Masriera Inspired Goldwork and Silk Shading

Back in March, 2019 I participated in a two day workshop in Rugby, U.K., taught by the R.S.N. tutor Sarah Smith. Sarah’s workshop was based on her kit which itself is inspired by a brooch crafted by the Catalan jeweller, Lluís Masriera. The design incorporates Silk Shading and elements of Goldwork. One of the reasons why I participated in this workshop was, aside from the beauty of this design, to have a second try at Silk Shading. During my R.S.N. certificate, I had to do a module on Silk Shading, and I must admit it was not a great experience – more about that in another post as I want to keep the positivity up in this one since this project was a very positive experience.

After tightly placing the base fabrics in a hoop, we stab-stitched throughout the design. The reason why we stab-stitch (and as it sounds, these are very small stitches randomly placed throughout the design), is to secure two layers of fabric. The top layer being the silk on which is printed the design, and the bottom layer which is calico. The calico produces a more solid base because if we were stitching on just the layer of silk, it would tear too easily given the delicacy of the fabric. Stab-stitching secures both layers so that when stitching, the top layer is held in place and puckering will be prevented. Below we can see the piece in the hoop along with the stab-stitching and the beginnings of the first leaf in Silk Shading.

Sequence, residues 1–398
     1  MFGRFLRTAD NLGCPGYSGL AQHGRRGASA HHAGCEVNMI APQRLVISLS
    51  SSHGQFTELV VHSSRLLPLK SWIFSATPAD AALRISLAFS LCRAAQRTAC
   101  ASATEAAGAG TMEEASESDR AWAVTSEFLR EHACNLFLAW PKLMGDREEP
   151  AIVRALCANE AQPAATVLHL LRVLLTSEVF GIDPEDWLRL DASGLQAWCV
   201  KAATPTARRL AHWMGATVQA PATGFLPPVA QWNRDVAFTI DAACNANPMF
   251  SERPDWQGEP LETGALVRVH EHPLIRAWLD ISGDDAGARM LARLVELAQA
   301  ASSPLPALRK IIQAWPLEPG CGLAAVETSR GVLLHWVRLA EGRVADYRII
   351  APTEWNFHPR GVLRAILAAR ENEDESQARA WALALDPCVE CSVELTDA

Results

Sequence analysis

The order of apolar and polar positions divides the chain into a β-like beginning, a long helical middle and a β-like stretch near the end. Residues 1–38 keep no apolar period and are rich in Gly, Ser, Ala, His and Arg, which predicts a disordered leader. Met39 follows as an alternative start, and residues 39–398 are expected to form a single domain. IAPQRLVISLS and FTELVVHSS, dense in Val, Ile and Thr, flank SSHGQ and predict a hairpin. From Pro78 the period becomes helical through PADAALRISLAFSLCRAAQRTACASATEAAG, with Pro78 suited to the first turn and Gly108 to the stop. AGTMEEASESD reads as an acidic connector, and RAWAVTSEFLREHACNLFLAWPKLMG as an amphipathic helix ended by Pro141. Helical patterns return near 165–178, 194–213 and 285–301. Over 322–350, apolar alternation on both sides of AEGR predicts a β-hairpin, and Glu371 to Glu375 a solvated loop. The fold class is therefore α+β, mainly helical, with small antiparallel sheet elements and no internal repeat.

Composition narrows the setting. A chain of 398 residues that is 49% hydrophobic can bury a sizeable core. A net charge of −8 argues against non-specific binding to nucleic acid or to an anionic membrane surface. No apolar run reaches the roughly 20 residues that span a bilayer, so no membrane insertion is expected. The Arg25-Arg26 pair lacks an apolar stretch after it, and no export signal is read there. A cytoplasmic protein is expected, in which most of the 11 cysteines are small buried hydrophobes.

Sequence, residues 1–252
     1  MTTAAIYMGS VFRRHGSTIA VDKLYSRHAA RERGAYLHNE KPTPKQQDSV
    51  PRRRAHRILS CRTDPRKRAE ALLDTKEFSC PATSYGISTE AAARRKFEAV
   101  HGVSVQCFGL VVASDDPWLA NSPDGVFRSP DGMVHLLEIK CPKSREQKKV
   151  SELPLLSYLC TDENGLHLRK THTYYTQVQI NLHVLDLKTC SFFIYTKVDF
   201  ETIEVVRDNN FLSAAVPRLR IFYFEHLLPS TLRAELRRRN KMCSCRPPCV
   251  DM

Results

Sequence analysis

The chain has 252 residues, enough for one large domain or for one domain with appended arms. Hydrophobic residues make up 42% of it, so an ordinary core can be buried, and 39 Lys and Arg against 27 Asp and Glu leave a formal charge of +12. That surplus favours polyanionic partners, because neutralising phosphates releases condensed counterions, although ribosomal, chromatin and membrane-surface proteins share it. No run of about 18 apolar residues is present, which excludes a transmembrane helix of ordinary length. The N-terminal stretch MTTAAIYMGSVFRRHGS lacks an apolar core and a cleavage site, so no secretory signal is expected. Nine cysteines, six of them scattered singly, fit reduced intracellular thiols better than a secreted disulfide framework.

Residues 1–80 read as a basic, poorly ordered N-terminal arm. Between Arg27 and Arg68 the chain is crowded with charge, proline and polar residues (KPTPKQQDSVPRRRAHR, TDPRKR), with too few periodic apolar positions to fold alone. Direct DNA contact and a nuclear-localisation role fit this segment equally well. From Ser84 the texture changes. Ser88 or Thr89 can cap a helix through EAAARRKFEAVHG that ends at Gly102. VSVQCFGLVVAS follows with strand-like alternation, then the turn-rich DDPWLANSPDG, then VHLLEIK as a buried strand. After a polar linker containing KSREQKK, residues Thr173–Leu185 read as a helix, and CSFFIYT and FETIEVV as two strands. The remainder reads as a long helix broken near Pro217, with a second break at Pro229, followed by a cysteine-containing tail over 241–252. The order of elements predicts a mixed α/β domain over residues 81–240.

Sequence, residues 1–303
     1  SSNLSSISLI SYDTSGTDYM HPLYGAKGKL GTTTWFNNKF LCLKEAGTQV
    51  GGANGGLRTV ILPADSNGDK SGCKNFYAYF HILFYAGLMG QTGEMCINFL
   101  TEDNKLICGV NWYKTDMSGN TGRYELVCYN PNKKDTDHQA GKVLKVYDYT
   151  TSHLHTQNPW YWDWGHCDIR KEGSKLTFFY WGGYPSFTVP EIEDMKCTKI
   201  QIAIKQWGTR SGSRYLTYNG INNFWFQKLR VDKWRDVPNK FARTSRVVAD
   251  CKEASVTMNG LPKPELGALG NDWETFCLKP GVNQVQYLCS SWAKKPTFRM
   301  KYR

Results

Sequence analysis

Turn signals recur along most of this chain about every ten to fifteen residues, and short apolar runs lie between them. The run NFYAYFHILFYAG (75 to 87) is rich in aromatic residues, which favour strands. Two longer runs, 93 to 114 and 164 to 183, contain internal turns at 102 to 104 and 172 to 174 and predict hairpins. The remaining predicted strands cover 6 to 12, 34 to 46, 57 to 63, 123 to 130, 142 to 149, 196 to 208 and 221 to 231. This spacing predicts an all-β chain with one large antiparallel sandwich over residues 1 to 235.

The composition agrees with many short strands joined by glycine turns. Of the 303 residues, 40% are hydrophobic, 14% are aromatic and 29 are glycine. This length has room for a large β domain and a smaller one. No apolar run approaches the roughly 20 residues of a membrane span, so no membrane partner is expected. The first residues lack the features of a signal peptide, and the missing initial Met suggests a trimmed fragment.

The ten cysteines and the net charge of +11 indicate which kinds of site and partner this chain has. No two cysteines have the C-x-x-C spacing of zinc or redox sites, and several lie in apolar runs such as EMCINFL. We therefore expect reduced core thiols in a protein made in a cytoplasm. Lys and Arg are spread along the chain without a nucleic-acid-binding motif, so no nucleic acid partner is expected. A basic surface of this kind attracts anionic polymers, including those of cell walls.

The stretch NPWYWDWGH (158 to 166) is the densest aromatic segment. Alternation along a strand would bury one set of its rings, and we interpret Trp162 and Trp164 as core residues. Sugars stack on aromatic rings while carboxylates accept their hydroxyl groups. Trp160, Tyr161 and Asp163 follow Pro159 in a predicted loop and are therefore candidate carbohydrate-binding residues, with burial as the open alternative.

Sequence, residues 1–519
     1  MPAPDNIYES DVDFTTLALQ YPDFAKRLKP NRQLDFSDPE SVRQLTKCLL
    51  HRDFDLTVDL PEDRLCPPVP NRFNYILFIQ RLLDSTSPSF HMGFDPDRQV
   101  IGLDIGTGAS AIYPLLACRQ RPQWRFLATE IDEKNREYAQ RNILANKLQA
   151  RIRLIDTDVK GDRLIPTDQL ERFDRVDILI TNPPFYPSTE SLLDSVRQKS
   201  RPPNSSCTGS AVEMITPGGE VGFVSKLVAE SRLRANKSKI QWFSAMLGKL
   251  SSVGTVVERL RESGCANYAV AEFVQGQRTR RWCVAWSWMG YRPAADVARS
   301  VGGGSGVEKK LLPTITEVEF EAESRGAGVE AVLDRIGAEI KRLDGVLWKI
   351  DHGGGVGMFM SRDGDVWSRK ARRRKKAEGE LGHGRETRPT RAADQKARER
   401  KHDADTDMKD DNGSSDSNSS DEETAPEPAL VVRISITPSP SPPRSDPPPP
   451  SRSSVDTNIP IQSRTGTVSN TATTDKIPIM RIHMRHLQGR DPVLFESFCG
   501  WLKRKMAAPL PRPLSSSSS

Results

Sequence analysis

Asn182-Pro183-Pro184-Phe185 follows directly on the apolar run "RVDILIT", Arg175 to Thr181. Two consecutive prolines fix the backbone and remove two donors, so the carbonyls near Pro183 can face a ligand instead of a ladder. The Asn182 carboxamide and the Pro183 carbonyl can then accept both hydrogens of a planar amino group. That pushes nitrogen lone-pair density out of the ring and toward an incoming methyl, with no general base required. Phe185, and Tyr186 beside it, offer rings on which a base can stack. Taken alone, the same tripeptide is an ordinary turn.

In the following pictures we can see how the Silk Shading on the outer leaves is advancing. Silk Shading, also called long and short stitch, is a technique which is sometimes described as needle painting. By gradually introducing colours into rows of long and short stitching, you are able to produce an image which mirrors a real object. We see this here in the outer leaves. I first made a split stitch outline of the leaf and then, starting at a central point, I came up with my needle inside of the design and brought the single thread over the split-stitch outline. This allows for a sharp shape to the leave. I then made my way done the section alternating between a long and short stitches until I came to the end of a section. After, I went back up to the original starting point, but this time brought my stitch up from within the design, trying to split a stitch from the first row and brought it down into the design towards the central vein of the leaf. In principle you should aim to make a long stitch in the second row after splitting a short stitch from the first and a shorter stitch in the second row after splitting a longer one from the first. However it does not always work like this, especially in smaller sections with sharper angles.

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